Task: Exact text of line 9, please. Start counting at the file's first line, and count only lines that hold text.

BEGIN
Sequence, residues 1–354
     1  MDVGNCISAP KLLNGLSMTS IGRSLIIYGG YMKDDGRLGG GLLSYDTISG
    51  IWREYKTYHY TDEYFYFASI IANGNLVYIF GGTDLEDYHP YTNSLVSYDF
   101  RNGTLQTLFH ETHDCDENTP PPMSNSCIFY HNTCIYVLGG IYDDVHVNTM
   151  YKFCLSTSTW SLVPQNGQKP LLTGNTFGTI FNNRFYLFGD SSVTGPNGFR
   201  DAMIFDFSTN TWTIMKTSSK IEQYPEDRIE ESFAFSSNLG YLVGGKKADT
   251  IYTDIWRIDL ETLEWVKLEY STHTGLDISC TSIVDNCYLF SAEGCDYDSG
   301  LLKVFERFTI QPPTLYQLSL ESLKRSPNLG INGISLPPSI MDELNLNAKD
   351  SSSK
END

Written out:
   351  SSSK